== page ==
Toyota, Mazda, and Denso Partner to Develop Electric Vehicles

Sam McEachern
by Sam McEachern

Toyota, Mazda, and Denso have together formed a joint venture that will focus on the development of electric vehicles.

The joint venture, which will be called EV C.A Spirit Corporation, will be 90 percent owned by Toyota, with Mazda and Denso each taking a 5 percent stake. Toyota may be shouldering the vast majority of the financial expense, but the automaker is eager to join up with Mazda as its engineers have impressed the industry with breakthroughs such as its new compression ignition engine, according to Reuters.

“Mazda, Denso, and Toyota have decided to jointly develop basic structural technologies for EVs capable of covering a wide variety of vehicle segments and types to ensure flexible and rapid response to market trends,” a Toyota said in a release. “This agreement covers a diverse range of models, from minivehicles to passenger vehicles, SUVs, and light trucks, and aims to innovate the development process by combining the strengths of each company, including Mazda’s bundled product planning and prowess in computer modeling-based development, Denso’s electronics technologies, and the Toyota New Global Architecture (TNGA) platform.”

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Based on Toyota’s statements, it sounds as though Toyota will lend its expertise in vehicle architectures to the joint venture, while Mazda will take care of product planning and computer modeling. Denso, a Japanese components supplier which specializes in spark plugs, alternators, and other small components, should bring a wealth of expertise in regards to vehicle electronics and parts sourcing.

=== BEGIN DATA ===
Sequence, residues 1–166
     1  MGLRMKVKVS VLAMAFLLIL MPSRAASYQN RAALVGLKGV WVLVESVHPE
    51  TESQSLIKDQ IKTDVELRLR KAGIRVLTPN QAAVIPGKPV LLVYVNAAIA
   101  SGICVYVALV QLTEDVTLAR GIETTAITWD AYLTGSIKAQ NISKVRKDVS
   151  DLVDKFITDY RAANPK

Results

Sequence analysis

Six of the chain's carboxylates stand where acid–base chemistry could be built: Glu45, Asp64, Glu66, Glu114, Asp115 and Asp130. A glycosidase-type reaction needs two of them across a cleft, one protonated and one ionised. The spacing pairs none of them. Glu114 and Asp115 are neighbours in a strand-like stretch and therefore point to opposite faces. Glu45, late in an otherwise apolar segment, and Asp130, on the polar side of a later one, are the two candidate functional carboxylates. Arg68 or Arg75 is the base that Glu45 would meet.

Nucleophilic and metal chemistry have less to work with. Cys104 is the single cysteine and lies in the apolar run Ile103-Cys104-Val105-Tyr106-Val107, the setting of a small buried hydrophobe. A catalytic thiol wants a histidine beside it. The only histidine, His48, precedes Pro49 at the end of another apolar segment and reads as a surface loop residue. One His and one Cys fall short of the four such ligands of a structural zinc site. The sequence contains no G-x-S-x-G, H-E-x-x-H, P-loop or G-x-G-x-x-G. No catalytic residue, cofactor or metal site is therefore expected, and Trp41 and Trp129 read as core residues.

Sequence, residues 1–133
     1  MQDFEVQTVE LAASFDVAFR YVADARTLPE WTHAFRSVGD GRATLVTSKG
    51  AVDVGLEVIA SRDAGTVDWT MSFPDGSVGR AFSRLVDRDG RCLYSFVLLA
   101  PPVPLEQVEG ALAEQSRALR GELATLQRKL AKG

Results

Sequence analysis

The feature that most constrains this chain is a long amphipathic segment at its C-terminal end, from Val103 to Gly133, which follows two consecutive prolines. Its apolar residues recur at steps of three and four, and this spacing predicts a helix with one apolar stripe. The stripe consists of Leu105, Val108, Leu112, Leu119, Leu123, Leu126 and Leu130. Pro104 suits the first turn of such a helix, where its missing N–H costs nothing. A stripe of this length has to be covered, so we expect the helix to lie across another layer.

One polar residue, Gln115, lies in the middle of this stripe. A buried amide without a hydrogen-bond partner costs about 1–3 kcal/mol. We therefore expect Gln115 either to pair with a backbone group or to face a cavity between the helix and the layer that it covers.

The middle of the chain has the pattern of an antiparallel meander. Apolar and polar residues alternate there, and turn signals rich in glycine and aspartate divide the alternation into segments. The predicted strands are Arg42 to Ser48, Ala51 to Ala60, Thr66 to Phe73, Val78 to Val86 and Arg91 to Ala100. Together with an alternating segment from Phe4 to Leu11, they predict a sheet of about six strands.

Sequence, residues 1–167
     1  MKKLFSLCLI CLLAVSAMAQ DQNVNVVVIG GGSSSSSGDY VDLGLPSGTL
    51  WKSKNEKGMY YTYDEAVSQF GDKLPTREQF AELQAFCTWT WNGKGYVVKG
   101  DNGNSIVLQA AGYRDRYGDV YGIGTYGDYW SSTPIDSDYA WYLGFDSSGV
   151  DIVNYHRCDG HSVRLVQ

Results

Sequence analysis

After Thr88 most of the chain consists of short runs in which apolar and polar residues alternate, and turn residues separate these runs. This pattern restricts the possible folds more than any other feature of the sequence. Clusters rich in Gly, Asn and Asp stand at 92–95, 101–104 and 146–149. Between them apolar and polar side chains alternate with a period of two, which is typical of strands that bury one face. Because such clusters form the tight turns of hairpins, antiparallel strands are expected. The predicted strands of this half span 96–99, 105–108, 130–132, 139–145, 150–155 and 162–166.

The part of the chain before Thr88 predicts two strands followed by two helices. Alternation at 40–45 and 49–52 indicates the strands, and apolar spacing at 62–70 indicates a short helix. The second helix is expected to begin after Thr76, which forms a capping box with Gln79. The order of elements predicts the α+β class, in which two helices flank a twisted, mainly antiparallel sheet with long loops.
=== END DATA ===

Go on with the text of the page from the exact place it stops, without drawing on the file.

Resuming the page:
The cost of developing hybrids and EVs is taking a bite out of profits and automakers are beginning to look at ways to reduce overhead. This joint venture will allow Toyota and Mazda, which are lagging behind the competition in regards to electrification, to rapidly develop hybrid and electric vehicle systems with a reduced investment. Mazda has said it wants to bring EVs to market by 2020, while Toyota is planning long-range, fast-charging EVs for 2022. It seems as though we’ll be seeing the fruits of this joint venture first appear in about two to three years’ time.

Discuss this story on our Toyota forum.

Sam McEachern
Sam McEachern

Sam McEachern holds a diploma in journalism from St. Clair College in Windsor, Ontario, and has been covering the automotive industry for over 5 years. He conducts reviews and writes AutoGuide's news content. He's a die-hard motorsports fan with a passion for performance cars of all sorts.

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  • Smartacus Smartacus on Sep 29, 2017

    instead of partnering to bring an actual S-FR here based on a Miata or a Mazda styled convertible based Toyota's Daihatsu Copen to go after the MINI Cooper Convertible